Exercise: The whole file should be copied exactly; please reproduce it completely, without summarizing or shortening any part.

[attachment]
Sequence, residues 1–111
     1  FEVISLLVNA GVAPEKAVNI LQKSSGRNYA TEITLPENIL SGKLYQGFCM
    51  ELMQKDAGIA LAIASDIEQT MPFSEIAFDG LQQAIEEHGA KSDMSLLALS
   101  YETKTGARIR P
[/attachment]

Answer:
Sequence, residues 1–111
     1  FEVISLLVNA GVAPEKAVNI LQKSSGRNYA TEITLPENIL SGKLYQGFCM
    51  ELMQKDAGIA LAIASDIEQT MPFSEIAFDG LQQAIEEHGA KSDMSLLALS
   101  YETKTGARIR P